You may have already read about the remarks made yesterday by Rep. Geoff Davis (R-KY) in response to Rep. John Murtha’s call for an immediate withdrawal of U.S. troops from Iraq. If not, here they are:
Ayman Zawahiri, Osama bin Laden’s deputy, as well as Abu Musab Zarqawi, have made it quite clear in their internal propaganda that they cannot win unless they can drive the Americans out. And they know that they can’t do that there, so they’ve brought the battlefield to the halls of Congress.And, frankly, the liberal leadership have put politics ahead of sound, fiscal and national security policy. And what they have done is cooperated with our enemies and are emboldening our enemies.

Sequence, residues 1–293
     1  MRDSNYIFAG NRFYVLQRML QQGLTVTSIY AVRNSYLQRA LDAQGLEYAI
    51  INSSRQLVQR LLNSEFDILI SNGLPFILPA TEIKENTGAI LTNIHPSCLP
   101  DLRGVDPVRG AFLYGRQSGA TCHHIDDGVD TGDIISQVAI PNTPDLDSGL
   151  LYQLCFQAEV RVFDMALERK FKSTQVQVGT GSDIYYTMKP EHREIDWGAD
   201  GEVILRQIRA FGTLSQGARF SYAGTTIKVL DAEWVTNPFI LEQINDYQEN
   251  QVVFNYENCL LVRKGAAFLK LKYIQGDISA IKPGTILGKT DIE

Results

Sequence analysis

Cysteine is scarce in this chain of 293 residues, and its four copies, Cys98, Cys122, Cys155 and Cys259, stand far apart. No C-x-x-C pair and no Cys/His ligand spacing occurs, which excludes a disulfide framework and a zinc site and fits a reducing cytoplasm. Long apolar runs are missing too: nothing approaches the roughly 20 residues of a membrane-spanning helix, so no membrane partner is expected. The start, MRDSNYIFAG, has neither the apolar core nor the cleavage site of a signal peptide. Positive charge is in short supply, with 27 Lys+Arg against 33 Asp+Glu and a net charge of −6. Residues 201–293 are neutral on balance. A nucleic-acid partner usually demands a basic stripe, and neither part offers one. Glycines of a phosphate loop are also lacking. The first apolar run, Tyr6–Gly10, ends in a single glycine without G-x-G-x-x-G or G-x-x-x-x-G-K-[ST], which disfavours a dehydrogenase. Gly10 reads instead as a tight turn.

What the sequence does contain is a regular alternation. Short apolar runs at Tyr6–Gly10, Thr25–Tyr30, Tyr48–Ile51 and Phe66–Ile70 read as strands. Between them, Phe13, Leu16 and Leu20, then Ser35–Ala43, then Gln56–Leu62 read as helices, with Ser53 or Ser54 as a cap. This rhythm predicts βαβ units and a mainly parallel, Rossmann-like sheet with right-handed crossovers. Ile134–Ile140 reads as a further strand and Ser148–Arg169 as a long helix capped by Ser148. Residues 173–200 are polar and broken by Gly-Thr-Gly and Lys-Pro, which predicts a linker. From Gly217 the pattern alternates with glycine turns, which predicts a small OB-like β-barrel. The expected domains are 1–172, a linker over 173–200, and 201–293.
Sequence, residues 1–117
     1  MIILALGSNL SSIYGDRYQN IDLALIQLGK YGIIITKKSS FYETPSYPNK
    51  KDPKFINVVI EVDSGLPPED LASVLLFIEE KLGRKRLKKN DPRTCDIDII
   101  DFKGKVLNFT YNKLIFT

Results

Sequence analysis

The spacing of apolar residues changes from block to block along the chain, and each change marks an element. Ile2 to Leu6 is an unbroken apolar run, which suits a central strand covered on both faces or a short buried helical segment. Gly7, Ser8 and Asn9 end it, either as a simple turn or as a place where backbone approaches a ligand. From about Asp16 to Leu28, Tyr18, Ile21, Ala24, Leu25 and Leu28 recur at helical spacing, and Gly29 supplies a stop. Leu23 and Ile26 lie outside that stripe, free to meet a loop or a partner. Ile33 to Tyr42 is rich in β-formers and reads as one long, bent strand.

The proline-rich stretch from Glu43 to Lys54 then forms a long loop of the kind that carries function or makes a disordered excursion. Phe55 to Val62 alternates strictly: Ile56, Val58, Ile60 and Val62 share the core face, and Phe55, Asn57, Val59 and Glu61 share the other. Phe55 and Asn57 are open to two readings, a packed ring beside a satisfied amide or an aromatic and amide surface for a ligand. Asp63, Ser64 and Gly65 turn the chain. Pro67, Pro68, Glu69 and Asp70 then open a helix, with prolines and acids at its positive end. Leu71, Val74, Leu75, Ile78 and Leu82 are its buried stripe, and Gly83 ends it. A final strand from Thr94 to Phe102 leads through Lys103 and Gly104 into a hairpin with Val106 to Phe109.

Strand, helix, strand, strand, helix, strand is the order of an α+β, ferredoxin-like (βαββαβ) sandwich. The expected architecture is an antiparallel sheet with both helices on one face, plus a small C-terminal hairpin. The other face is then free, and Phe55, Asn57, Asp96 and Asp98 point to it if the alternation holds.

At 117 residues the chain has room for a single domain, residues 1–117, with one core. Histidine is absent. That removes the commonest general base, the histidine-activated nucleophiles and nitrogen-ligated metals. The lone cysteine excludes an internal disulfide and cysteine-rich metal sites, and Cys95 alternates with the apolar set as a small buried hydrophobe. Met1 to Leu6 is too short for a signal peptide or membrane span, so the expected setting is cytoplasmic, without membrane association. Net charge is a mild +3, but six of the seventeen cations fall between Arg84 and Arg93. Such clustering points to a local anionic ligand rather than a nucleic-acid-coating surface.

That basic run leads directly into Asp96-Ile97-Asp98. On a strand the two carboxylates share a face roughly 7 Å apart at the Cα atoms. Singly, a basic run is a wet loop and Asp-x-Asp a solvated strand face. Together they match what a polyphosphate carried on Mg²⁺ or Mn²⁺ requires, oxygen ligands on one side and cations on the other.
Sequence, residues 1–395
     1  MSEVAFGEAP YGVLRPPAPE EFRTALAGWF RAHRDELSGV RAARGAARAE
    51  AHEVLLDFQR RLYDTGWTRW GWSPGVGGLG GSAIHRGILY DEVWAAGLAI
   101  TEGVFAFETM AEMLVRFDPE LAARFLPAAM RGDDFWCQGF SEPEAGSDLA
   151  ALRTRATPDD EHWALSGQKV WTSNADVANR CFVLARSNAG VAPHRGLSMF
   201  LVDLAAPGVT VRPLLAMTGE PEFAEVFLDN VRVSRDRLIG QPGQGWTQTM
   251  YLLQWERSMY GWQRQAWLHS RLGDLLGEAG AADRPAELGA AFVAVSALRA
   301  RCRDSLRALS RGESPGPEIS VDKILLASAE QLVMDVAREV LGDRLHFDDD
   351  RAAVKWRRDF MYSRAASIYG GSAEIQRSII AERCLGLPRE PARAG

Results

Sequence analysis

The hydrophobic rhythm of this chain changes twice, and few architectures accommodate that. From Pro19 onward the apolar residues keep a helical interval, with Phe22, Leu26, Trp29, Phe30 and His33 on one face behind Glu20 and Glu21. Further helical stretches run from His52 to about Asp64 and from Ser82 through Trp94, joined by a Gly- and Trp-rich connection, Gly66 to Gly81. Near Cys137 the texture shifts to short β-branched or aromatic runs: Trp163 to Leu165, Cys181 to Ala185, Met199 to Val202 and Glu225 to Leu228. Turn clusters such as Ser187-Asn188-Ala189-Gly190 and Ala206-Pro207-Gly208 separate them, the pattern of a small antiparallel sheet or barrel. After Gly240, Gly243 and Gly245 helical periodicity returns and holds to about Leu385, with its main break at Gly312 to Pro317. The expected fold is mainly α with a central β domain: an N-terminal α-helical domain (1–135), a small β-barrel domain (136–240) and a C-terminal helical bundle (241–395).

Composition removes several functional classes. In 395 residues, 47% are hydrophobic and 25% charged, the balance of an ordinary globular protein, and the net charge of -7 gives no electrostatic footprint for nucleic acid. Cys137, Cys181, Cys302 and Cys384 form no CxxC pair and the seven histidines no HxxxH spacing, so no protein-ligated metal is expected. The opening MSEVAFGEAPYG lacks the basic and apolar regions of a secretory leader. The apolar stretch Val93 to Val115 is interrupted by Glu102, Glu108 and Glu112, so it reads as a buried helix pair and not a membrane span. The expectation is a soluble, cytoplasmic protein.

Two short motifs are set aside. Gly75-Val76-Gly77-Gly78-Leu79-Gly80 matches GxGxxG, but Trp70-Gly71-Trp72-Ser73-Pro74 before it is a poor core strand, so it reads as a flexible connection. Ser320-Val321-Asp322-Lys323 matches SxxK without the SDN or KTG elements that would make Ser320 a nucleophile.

In case anyone needs a translation here, Davis basically charged Murtha (and unnamed “liberal leaders,” since the label hardly applies to the quite conservative Pennyslvanian) with being an agent of Zarquawi and of al Qaeda, and of cooperating with our country’s enemies.I haven’t seen video of the House GOP press conference, convened by Rep. Duncan Hunter of CA, in which Davis made these remarks, so I don’t know if any of his colleagues had the decency to wince or blush when he called another colleague a terrorist collaborator and a traitor.But the rest of this crowd (including Kay Granger, Mike Conaway, Louie Gohmert and John Carter of TX, Joe Wilson of SC, Bob Beauprez and Tom Tancredo of CO, David Dreir of CA, Ileana Ros-Lehtinen of FL, and Jean Schmidt of OH) was pretty awful as well, making constant assertions that everything would be peachy-keen in Iraq if everybody just shut up and trusted the administration, and in particular repeating incessantly the fatuous assertion that if we weren’t in Iraq, the terrorists would be blowing up the United States. (Perhaps they’d start with blowing up San Francisco, as Bill O’Reilly invited them to do on national television last week).These smears of Murtha–a heavily decorated Marine Corps veteran of both Korea and Vietnam, who supported both Iraq wars, and has always been a staunch supporter of a robust national security posture and especially the needs of our troops–are impossible to properly characterize in a family-friendly blog. Their perpetrators are teetering on the line that divides people who deserve angry contempt, and people who are beneath contempt.And I say this as someone who doesn’t agree with Murtha’s position on Iraq, but who understands this is a guy that has no possible reason for taking it other than that he believes it’s right–for the country, for the troops, and for our national security.When the President of the United States started this crap a few days ago by accusing critics of his Iraq policies of aiding and abetting the terrorist enemy, Republican Sen. Chuck Hagel of Nebraska issued this tart response: “The Bush administration must understand that each American has a right to question our policies in Iraq and should not be demonized for disagreeing with them. Suggesting that to challenge or criticize policy is undermining and hurting our troops is not democracy nor what this country has stood for, for over 200 years.”This isn’t a terribly complicated proposition. Disagree with or even deplore Murtha’s or anybody else’s position on Iraq all you want. Make your case about why you think the consequences would be dreadful.But at a time when a majority of Americans have lost confidence in the administration’s Iraq policies–and when a majority of Republican Senators cast a vote this week questioning them as well–to impugn the patriotism of Bush’s critics is an act that manages to give demagoguery a bad name.